Big Brother considered a good client vehicle

Media buyers have welcomed the resurrection of Big Brother as a strong advertising vehicle, as the celebrity version of the show draws to a close tonight (8 September).



The reality series, widely dubbed Richard Desmond’s most tactical move to date since acquiring the channel last year, has helped Channel 5 to bolster viewing figures over the past few months, having spent millions signing up the likes of American Pie star Tara Reid, The X Factor’s Jedward and reality favourites Kerry Katona and Amy Childs.

Tomorrow (9 September), the show will revert to its original format with ordinary housemates spending up to ten weeks in the reality house.

According to Phil Hall, head of TV at MediaCom, the show is attracting advertisers because it has taken new approaches to generating interest against strong competition like Simon Cowell’s The X Factor and Red or Black.

“What Channel 5 has particularly struggled with over the years is attracting big audiences. They had really good niche shows which people took time out to watch, but with Big Brother, this has changed. It has been sold in an innovative way, and now because of its new selling approach, Five are especially strong at developing new ways of selling and bringing ideas alive and the way it brings ideas alive. It’s not just selling spots but also having them as part of the programme as well,” he says.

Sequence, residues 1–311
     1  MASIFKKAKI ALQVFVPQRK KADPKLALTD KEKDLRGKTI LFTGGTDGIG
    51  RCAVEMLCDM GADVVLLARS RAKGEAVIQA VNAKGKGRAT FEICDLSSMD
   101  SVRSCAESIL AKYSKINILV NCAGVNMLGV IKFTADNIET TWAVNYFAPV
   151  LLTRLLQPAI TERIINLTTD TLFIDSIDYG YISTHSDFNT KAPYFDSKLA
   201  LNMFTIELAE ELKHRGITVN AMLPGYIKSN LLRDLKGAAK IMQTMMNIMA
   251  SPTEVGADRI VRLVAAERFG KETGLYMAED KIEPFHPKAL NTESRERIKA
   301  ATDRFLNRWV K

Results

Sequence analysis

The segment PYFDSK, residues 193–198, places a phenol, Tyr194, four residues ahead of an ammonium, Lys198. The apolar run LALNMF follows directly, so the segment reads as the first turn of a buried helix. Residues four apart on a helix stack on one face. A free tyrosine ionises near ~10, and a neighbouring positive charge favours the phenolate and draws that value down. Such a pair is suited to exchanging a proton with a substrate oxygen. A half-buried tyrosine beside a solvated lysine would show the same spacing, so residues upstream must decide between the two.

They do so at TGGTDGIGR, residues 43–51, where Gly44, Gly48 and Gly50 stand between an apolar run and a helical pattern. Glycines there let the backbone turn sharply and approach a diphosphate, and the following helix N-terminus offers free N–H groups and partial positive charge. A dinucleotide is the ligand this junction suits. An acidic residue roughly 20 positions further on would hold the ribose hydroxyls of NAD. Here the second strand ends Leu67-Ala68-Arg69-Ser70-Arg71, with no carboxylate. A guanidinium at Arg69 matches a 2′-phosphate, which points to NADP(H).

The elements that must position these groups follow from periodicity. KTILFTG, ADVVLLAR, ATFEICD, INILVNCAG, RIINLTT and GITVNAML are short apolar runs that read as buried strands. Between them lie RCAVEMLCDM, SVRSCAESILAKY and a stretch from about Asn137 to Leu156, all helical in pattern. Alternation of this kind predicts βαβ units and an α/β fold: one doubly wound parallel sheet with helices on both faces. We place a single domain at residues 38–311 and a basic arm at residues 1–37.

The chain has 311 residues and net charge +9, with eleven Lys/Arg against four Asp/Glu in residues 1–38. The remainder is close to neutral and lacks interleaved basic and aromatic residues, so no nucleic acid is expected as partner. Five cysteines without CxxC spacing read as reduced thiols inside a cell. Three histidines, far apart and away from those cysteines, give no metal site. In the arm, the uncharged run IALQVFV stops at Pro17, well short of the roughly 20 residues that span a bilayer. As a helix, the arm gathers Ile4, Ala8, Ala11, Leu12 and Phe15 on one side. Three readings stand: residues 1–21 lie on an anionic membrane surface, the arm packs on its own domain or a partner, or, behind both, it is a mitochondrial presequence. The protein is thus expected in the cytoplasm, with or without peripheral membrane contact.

“For Channel 5 to do a better share than ITV1 and Channel 4 in the Celebrity Big Brother timeslot is a fantastic performance,” adds Adrian English, the head of broadcast at media agency Carat UK.

Product placement in the celebrity show has included a themed challenge to promote movie “Friday Night” and budget supermarket Lidl being shown in a “supermarket sweep” style prize, won by Jedward. Freederm is the current sponsor of Big Brother.

Richard Oliver, managing partner of investment at UM London, says Big Brother is not yet causing advertisers to reappraise Channel 5, but is still in demand because of the voyeuristic nature of the show.

“Clients have always liked the nature of Big Brother ever since its conception and so they like to feature in the ad slots around the show, but they also recognise that its audience base is not suited to all brands. Back in the day, ads like Gorilla and Liverpool Street Dance premiered during the show. That allure is less prevalent now. The X Factor is the preferred launch vehicle, but the show still has a place for most brands,” he explains.

Oliver adds that the lack of a live feed is not a problem, because it is the primetime slots that advertisers want.

“The viewing figures for the show might not have matched Desmond’s predictions, but they are still as good a place as any to spend the money and will undoubtedly be a commercial boost for Channel 5.”

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